Therefore, it is ideal to hunt these roe deer before the end of May, before the vegetation grows and makes hunting more difficult.
The most beautiful season for deer hunting is, of course, the deer rut, when the deer are very active and can be hunted at almost any time of the day. The usual time to hunt is either early in the morning or at light in the early evening.
Roe deer can only be hunted individually or by hunting. Hunters can take advantage of the deer’s regularity, when it comes out almost every day in the same place at the same time, and thus adjust the way they hunt. Whether it is a newly built hunting facility or a shelter. On the other hand, nothing is ever simple and the deer can surprise and appear at a different time or in a completely different place.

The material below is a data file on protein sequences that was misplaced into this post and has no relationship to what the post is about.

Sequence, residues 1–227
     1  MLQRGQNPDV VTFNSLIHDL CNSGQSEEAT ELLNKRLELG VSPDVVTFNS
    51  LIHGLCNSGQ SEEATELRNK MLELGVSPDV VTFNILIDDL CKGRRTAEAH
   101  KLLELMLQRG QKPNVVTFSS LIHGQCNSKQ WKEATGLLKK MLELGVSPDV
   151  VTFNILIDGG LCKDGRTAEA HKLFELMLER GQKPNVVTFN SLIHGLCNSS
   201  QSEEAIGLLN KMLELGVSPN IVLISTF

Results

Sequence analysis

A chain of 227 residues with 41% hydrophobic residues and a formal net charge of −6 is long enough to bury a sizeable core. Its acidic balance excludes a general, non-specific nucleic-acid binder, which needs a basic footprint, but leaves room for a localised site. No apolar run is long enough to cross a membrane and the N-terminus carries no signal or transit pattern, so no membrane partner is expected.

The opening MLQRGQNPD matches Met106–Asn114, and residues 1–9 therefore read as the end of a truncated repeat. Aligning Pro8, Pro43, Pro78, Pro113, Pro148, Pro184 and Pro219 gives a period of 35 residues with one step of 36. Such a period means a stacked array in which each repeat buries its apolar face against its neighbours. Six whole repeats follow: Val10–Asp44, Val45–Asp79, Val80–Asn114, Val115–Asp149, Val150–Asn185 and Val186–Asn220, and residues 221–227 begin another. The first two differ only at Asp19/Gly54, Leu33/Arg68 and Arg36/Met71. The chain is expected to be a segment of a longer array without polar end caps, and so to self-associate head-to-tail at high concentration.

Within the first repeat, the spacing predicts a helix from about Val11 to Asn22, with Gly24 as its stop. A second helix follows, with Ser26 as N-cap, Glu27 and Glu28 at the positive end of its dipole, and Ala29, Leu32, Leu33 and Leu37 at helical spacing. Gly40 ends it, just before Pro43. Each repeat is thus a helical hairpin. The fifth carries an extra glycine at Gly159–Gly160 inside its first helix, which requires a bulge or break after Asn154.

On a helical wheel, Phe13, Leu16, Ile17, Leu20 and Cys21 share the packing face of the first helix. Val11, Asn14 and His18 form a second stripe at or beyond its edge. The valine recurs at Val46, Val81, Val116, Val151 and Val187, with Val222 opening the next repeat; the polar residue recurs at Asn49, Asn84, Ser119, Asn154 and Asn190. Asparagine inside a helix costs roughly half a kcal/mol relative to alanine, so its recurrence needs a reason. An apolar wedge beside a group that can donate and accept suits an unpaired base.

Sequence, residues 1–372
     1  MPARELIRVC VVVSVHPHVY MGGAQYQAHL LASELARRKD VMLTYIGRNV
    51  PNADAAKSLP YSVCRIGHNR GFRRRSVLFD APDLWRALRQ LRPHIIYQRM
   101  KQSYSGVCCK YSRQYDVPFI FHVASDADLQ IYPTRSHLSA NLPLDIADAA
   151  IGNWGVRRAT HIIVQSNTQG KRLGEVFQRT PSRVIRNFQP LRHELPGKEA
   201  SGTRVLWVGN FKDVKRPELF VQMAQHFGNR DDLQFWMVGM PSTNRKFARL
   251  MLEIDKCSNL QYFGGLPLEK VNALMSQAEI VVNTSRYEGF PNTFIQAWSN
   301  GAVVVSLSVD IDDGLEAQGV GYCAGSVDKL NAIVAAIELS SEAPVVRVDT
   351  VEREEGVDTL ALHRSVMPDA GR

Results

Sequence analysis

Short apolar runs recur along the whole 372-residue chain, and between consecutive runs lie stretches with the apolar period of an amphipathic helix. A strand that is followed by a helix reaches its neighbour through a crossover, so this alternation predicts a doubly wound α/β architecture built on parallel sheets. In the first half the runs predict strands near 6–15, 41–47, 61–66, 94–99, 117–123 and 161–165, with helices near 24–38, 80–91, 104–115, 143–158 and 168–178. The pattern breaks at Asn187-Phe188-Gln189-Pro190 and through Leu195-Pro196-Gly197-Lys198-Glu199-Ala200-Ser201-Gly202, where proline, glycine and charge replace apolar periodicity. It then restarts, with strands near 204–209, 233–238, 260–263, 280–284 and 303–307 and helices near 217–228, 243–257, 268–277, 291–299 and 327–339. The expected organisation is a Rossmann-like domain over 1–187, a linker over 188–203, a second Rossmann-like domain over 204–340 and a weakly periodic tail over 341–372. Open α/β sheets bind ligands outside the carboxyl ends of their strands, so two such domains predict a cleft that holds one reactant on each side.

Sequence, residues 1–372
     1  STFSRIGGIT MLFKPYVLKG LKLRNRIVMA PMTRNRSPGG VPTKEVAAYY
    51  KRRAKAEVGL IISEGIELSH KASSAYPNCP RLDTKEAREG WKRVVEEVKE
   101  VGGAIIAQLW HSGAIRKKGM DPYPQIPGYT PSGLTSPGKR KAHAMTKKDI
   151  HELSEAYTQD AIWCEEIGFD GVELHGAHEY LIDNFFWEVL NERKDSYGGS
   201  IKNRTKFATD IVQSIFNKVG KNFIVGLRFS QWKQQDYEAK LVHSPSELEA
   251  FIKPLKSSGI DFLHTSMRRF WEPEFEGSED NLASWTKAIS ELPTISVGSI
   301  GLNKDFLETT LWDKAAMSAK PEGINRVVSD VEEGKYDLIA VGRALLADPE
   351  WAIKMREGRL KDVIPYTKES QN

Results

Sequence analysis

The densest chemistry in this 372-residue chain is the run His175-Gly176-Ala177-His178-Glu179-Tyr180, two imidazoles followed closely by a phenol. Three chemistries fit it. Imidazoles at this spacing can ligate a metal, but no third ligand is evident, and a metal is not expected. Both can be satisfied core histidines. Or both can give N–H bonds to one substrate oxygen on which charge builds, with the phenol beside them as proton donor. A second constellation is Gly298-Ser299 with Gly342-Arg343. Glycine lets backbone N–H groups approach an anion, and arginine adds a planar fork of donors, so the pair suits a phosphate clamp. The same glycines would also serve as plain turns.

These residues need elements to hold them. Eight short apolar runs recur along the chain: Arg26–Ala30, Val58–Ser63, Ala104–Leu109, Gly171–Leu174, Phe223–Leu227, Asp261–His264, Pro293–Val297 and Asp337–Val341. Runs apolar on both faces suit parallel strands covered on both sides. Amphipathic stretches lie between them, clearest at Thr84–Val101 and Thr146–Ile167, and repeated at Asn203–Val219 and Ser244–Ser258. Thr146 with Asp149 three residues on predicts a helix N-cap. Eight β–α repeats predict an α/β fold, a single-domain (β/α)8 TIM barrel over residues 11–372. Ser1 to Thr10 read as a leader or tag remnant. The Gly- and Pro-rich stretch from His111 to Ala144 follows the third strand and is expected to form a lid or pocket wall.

Abroad, you can also hunt red deer with a hunting bow, which can be a very interesting hunt, but this hunting must be applied by hunters who really know how to shoot with a bow. To verify their skills, they have to pass very complex tests that authorize them to hunt in this way. The game is then hunted at a distance of about 30 meters with an arrow that has sharp metal tips and is intended for hunting. The animal cuts important blood vessels and the animal very quickly loses consciousness and bleeds to death.
The difference between a hit by a bullet and an arrow is that when hit by a bullet, there is also damage to the surrounding tissues caused by the very intense transmission of the energy of the bullet. In both cases, however, the animal will almost immediately go into hemorrhagic shock (dramatic drop in blood pressure), the subsequent loss of consciousness and the subsequent bleeding out of the animal.